Let’s also review a sample use case based on our typical e-commerce order fulfillment process.

Imagine that some items in a customer’s order aren’t always immediately available, which would lead to the shipment being delayed. When we receive a notification that an item is delayed, we can automatically notify the customer of the delay as well.

But we don’t want to cancel the entire order simply because of the delay–and that’s why in this case we use a non-interrupting message start event. The parent process continues even as we execute the subprocess.

An event subprocess example in BPMN.

Error Event: We’ve also built the first capabilities of the error event in Zeebe, including:

  • The ability to throw a business error from a job worker
  • The error boundary event and error start event for event subprocesses in Zeebe BPMN models

Find more in the documentation here. We’ll continue to build out error event capabilities in future quarters.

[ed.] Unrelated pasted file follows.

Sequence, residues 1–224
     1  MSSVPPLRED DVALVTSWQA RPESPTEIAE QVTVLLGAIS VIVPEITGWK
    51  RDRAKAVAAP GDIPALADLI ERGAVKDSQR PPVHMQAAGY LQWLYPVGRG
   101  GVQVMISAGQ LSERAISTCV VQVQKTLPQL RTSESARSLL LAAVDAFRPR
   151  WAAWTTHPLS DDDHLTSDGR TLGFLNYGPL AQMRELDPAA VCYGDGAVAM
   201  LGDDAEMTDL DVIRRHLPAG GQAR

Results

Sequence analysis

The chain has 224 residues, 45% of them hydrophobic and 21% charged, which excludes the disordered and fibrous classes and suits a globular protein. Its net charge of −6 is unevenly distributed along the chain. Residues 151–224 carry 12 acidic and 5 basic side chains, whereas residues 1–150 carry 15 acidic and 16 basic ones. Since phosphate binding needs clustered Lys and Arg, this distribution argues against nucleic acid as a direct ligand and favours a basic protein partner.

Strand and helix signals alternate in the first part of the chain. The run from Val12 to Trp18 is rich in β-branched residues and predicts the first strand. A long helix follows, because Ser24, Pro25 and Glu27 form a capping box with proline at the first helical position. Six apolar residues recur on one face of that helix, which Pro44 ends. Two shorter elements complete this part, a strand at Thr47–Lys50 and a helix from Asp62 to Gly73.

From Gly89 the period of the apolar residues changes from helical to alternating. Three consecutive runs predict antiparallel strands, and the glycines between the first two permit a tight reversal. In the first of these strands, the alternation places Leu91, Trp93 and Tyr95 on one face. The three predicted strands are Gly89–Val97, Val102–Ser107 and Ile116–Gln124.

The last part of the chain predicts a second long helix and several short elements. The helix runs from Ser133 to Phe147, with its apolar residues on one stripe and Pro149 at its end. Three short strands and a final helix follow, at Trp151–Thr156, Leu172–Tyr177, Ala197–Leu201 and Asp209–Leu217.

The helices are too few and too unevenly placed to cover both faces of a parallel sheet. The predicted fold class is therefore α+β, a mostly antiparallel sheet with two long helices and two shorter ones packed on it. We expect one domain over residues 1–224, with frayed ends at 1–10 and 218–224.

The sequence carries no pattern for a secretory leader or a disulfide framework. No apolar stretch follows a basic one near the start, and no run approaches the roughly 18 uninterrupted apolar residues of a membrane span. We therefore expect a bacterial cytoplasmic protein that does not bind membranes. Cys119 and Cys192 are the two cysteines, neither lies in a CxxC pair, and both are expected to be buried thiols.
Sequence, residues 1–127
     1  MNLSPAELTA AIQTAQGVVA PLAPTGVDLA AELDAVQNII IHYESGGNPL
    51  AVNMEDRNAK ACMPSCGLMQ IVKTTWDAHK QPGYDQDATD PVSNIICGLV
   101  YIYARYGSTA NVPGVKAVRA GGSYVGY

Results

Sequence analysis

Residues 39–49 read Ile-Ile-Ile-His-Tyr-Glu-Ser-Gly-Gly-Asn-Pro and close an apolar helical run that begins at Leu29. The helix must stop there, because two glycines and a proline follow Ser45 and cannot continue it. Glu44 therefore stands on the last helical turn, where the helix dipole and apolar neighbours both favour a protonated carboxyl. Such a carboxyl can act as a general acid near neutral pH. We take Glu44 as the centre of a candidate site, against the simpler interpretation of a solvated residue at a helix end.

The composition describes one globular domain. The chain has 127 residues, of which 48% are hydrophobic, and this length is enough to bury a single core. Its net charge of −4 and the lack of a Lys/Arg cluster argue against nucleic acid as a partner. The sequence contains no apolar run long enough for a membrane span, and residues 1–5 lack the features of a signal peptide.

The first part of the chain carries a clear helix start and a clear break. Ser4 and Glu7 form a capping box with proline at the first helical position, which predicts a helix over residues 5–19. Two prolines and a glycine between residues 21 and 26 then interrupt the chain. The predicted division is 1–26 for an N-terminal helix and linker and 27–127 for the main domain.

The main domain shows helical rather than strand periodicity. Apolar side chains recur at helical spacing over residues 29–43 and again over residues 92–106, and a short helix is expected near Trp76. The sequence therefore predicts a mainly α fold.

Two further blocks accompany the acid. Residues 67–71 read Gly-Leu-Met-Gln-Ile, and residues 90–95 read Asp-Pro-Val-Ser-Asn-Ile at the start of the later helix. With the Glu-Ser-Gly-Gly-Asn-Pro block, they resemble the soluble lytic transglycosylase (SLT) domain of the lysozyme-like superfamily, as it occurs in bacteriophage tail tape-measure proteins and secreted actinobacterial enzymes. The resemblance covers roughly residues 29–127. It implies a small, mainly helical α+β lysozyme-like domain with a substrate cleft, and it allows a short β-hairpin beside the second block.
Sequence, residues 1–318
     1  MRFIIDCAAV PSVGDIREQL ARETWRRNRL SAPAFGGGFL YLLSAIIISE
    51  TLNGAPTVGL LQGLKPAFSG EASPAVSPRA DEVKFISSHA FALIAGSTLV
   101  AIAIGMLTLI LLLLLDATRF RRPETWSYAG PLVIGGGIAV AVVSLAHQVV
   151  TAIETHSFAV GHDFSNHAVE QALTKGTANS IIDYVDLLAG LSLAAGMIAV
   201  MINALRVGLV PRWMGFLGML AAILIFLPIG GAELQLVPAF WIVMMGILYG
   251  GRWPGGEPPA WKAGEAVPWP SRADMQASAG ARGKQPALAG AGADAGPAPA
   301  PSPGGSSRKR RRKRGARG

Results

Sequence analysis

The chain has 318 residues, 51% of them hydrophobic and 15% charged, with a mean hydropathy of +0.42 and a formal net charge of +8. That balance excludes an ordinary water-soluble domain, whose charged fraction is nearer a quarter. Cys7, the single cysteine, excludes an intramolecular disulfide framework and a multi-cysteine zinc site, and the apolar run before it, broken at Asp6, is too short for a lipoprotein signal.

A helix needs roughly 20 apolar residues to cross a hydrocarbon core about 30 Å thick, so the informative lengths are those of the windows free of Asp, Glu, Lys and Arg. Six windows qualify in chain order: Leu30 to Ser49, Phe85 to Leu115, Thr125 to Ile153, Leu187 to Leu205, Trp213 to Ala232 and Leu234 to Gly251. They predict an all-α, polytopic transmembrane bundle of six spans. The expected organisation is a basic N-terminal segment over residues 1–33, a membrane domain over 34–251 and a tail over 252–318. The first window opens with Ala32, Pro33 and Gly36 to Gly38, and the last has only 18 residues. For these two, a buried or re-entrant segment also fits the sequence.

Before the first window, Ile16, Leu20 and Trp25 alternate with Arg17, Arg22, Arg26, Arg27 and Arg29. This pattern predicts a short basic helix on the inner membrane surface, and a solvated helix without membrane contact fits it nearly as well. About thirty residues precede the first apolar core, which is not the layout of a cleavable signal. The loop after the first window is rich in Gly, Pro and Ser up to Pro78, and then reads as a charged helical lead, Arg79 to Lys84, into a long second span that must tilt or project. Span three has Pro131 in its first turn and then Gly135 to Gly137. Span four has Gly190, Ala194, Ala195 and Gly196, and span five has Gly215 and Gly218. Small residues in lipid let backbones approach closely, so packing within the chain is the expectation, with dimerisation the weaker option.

Other Capabilities

Await Workflow Result: This is an exciting addition to Zeebe that’s often requested by users and was previewed by Zeebe developer advocate Josh Wulf in this blog post from October 2019.

This feature enables a use case where, for example, a workflow is started in response to a REST request, and the outcome from the workflow is sent back in the REST response.

You can learn more in the documentation.

And we included a example in an earlier blog post–check it out here: Zeebe and Operate Alpha Releases: November 2019 Edition

Improved Support for the Message Aggregator Pattern: It’s a common use case to aggregate multiple messages in a workflow, then when a given number of messages have been correlated, to process the messages. Here’s a generic model showing the message aggregator pattern:

An example of the message aggregator pattern.

But Zeebe’s previous message correlation behavior sometimes prevented users from implementing the message aggregator pattern the way they wanted to. And so this release includes changes to better support message aggregation.

For a deeper dive into the pattern and the new ways in which Zeebe supports it, please see: Zeebe and Operate Alpha Releases: December 2019 Edition